One of the museum’s too often overlooked superstars recently returned from a trip to the Metropolitan Museum in New York where he was received with great pomp. But you can usually have him all to yourself, a long forgotten hero in Room 7.

The Boxer at the site of his excavation, 1885

The Boxer at the site of his excavation, 1885

The Boxer was found in 1885 as large sections of the Quirinal Hill were being cleared to make way for the building boom of the new capital city. As entire neighbourhoods were being built to house the ministries, and the mandarins, which were the cogs in the new machines of state, archeological work was hurried. But as areas of the former Baths of Constantine were being cleared the extraordinary figure revealed himself to have been sitting, patiently, under the rubble and mud and filth of centuries.

The archeologist who was responsible for saving so much of what might have otherwise been lost in the rush to build the new capital, Rodolfo Lanciani, was present at the excavation:

“I have witnessed, in my long career in the active field of archeology, many discoveries; I have experienced surprise after surprise; I have sometimes and most unexpectedly met with real masterpieces; but I have never felt such an extraordinary impression as the one created by the sight of this magnificent specimen of a semi-barbaric athlete, coming slowly out of the ground, as if awakening from a long repose after his gallant fights.”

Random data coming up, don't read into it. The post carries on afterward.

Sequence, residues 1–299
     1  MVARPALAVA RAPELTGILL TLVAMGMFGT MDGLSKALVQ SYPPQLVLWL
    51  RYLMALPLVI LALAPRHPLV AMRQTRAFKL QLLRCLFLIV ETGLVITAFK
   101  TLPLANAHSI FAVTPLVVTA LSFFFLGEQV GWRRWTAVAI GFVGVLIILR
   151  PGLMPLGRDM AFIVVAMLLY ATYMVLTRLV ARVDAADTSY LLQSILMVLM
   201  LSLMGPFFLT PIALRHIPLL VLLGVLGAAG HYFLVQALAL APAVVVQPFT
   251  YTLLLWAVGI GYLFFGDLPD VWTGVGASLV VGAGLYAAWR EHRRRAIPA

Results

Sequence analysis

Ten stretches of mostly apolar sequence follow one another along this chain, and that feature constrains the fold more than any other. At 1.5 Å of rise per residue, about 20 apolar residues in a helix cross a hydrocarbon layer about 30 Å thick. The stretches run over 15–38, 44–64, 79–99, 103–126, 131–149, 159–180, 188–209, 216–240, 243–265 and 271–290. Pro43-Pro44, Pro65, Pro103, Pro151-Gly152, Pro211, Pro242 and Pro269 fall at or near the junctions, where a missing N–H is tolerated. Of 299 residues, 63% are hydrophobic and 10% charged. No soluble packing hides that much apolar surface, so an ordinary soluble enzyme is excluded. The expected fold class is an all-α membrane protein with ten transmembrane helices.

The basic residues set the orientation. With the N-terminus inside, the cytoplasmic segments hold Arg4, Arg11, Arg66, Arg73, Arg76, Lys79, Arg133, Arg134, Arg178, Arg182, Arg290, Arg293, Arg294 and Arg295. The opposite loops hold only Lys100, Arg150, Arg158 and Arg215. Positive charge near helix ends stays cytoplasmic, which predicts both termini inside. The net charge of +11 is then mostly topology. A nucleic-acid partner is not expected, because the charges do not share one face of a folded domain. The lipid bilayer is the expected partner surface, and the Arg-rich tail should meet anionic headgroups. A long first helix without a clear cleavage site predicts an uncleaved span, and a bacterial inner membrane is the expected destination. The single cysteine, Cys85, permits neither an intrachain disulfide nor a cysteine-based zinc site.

The Boxer, Palazzo Massimo alle Terme

This glorious 1st century BC bronze is one of the most poignant sculptures I can think of in Rome. At first we see a muscular figure seated in apparent relaxation, his hands bound indicating that he is a boxer. But look closer and his head, turned towards something we cannot see, tells us this is no triumphant athlete. His cheek is split and his head is bleeding from very recent wounds, superimposed upon older injuries, the details engraved and picked out in applied copper.

The Boxer, detail.

His nose has been broken and re-broken, and his misshapen ears bear the signs of multiple fights. This is no generic exaltation of athleticism but an extraordinary psychological study of an ageing boxer nearing the end of his career, as we see him called back into the ring once again.